Thursday, 24 December 2015

Media Quotes of the Week: From Louis Van Gaal says the press, to Rupert Murdoch accuses UK media of sneering at Donald Trump

Pic: BBC
Man United manager Louis Van Gaal before walking out of a press conference after being asked about speculation over his future at the club: "Has anybody in this room not a feeling to apologise to me? That's what I'm wondering...What do you think happens with my wife or my kids? Or with my grandchildren? Or with the fans of Manchester United? Or my friends? What do you think? So you think that I want to talk with the media now. I am here only because of the Premier League rules. I have to talk with you...Enjoy the wine and a mince pie. Goodbye."

The Times [£] in a leader: "Press freedom has suffered a series of assaults in recent years. The Leveson inquiry exposed journalists to a raft of new legal battles and, under new defamation laws, most libel cases are decided by judges rather than juries, who are better placed to step back from legalistic quibbles and consider the public interest. That public interest is being undermined by Ripa, too. A free press with free expression, aided by sources brave enough to come forward, is fundamental to a healthy democracy. Obstructing that protects no one."

The Independent in a leader: "Government sources have revealed that Sir Jeremy Heywood, the head of the Civil Service, and Matthew Hancock, the minister for the Cabinet Office, are committed to maintaining freedom of information. Mr Hancock is understood to oppose the introduction of a fee for FoI requests – wisely, given that this amounts to a tax on democracy – and even Sir Jeremy’s predecessor, Sir Bob Kerslake, has warned about the risks attached to rolling back any freedom for the citizen to access public information. With individuals such as these speaking out, the suggestion that Whitehall is overburdened by the costs of FoI is blown apart. A rewriting of the law appears less and less likely. And rightly so."

Tom Watson quoted in the Guardian: “I am calling on the government today to abandon its [FOI] review. It doesn’t have the support of the public; it is opposed by many of the organisations that are covered by FOI; it has been condemned by the information commissioner and slammed by a former head of the civil service. It’s a waste of taxpayers’ money and it’s time it was scrapped. The Freedom of Information Act works well. Labour would strengthen and extend it.”

Bob Satchwell, executive director of the Society of editors, giving evidence to the Draft Investigatory Powers Bill Select Committee: "I have never known of a journalist that would put someone's life or national security at risk inadvertantly. There need to be clear procedures and rules if someone is seeking to invade journalists activities and rules. What has happened more recently is that some organisations rode roughshod over a principle that we thought was accepted."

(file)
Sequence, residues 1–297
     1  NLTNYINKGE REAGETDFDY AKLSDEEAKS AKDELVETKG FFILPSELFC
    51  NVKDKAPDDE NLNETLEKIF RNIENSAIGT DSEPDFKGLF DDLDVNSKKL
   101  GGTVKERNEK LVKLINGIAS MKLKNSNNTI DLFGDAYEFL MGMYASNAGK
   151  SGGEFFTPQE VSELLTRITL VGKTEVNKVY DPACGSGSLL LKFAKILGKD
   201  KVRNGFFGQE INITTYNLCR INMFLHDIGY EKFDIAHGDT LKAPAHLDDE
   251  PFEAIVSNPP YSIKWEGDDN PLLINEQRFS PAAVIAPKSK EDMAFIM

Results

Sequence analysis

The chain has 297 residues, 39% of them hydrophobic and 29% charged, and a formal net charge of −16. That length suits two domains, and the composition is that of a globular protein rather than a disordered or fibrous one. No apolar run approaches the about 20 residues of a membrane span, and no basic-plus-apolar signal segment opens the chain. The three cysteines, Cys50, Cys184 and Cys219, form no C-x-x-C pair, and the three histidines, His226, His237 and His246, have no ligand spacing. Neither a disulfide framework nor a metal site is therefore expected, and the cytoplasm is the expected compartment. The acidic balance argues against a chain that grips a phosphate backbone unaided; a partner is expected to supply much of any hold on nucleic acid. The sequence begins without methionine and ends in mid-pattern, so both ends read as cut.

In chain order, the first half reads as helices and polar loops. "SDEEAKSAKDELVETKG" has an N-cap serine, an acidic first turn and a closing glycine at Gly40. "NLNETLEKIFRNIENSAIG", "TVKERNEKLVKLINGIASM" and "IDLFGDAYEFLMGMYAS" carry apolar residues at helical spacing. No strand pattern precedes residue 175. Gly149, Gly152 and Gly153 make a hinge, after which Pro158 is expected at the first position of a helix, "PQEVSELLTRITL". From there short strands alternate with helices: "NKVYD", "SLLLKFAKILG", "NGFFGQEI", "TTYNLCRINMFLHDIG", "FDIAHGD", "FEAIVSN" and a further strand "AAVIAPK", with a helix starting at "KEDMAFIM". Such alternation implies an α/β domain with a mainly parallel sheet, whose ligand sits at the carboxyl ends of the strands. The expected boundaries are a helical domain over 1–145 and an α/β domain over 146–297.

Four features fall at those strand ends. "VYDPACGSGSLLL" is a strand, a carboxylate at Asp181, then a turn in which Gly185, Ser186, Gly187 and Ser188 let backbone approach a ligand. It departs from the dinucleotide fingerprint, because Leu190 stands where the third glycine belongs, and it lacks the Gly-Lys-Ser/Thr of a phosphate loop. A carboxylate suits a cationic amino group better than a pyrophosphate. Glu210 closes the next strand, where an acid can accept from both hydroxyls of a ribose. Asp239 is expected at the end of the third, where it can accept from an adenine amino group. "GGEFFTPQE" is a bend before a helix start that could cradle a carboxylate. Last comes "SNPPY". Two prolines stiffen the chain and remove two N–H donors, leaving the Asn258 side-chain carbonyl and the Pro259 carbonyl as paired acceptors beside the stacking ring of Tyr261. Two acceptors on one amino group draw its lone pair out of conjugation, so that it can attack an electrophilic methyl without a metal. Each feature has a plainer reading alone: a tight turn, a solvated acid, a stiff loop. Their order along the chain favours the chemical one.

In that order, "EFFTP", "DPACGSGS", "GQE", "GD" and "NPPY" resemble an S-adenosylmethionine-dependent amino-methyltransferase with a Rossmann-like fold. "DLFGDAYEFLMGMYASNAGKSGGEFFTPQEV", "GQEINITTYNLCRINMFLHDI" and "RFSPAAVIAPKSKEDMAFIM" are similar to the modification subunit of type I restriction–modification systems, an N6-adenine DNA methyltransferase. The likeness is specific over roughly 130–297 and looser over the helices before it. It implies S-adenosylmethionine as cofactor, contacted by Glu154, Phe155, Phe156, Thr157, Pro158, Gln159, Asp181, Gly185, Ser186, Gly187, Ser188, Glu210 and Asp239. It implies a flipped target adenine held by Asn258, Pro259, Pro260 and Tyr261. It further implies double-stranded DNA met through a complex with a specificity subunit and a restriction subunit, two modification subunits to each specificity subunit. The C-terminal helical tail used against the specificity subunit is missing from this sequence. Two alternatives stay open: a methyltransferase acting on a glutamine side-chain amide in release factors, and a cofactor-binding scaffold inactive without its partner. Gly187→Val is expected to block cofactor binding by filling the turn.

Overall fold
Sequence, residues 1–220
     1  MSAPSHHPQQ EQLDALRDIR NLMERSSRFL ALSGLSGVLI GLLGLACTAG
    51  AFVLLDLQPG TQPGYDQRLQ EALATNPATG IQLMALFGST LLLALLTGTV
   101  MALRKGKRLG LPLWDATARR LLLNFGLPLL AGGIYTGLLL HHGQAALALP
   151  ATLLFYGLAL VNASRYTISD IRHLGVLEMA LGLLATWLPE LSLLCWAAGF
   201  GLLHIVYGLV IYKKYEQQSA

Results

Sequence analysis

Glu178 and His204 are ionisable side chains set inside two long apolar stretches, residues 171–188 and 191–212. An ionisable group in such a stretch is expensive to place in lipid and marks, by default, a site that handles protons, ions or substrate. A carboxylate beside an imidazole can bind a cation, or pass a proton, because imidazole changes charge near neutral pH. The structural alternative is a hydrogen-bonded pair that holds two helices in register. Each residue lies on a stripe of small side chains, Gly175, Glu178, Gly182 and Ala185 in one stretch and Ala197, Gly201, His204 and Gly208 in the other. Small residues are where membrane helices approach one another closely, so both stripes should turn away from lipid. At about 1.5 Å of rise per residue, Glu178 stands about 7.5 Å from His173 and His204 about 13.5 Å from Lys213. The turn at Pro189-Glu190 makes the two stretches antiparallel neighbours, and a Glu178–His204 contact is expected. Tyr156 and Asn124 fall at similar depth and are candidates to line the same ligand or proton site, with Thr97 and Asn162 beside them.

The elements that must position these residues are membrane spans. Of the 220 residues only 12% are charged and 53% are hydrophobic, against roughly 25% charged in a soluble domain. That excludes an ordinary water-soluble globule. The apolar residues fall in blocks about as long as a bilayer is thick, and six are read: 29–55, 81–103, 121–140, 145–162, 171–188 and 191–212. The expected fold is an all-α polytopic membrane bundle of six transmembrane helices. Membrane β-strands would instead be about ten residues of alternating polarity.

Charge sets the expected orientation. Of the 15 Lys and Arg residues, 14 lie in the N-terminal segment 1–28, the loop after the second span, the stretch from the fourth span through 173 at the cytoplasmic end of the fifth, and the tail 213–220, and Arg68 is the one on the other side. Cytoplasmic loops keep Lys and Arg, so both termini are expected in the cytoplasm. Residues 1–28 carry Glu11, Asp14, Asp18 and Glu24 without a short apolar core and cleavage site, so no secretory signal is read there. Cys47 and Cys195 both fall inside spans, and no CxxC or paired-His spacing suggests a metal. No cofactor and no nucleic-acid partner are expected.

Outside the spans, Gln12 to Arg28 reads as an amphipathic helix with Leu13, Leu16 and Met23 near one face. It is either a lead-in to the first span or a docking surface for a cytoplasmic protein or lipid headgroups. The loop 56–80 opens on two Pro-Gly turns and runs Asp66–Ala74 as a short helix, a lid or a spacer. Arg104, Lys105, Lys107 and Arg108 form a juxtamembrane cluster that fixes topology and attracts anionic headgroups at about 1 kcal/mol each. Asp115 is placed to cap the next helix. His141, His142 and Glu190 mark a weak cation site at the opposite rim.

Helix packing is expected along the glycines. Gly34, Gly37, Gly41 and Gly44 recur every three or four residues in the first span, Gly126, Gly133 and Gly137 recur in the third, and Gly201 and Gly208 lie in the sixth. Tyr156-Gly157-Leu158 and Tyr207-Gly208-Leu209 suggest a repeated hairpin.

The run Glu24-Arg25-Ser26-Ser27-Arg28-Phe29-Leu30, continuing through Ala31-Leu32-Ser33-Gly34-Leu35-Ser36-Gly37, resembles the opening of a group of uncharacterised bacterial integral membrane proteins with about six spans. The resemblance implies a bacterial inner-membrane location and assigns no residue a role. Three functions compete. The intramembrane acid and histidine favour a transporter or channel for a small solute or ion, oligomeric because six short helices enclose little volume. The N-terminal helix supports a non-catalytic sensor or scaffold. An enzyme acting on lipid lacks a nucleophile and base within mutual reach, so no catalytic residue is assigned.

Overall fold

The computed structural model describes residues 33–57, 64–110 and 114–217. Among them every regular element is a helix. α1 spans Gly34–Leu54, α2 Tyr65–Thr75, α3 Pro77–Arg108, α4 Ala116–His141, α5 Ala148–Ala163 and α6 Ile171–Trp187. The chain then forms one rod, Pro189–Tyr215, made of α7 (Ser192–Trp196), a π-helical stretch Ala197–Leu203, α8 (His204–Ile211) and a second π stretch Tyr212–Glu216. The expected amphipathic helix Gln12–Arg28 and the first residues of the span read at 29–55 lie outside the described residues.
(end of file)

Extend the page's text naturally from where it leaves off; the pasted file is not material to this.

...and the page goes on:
Jonathan Calvert interviewed by Press Gazette: “One of the wonderful things about working for The Sunday Times is they do feel they've got to back their journalism. We will apologise if we've got something wrong but we will fight libel cases because otherwise people will just assume we can roll over and try it on all them time."

Opinion poll reported in the Observer: "The public also has concerns about the media’s treatment of the new Labour leader. Half of all voters think that Corbyn is treated unfairly by the media, with the proportion rising to just over two thirds (68%) among Labour voters."

Jeremy Corbyn interviewed by Paul Waugh on the Huffington Post: “When I was buying a paper just now, this guy said to me, ‘you don’t need to buy any of those, they’re all going to be attacking you’. So I said, ‘no, no, I’ve got no problems with the Irish Post or the Leinster Leader. Or the Morning Star'.”

IPSO Chairman, Sir Alan Moses: “Trevor Kavanagh has an unparalleled reputation as a political journalist. His membership of the Board demonstrates the value and importance distinguished journalists attribute to IPSO.”

Evan Harris, the joint executive director of Hacked Off, quoted in the Guardian: “Trevor Kavanagh’s appointment to the laughably entitled Independent Press Standards Organisation means that Ipso has abandoned even the pretence of independence from the industry."

Daniel Pearl, Channel 4’s deputy head of news & current affairs and Dispatches editor, after the broadcaster's joint investigation with the Telegraph into lobbying and politicians for hire was cleared by Ofcom: “We are delighted this important piece of public service journalism has been thoroughly vindicated by the independent regulator. This was a rigorously detailed investigation which paid scrupulous attention to fairness and accuracy at all times. We are pleased that Ofcom has recognised that the secretly-filmed comments, ‘accurately represented the discussions that took place between the MPs and the undercover reporters.’”

Rupert Murdoch on Twitter ‏@rupertmurdoch: "London elites, media, etc sneering at Trump, others. No understanding of mid-America conditions or politics."


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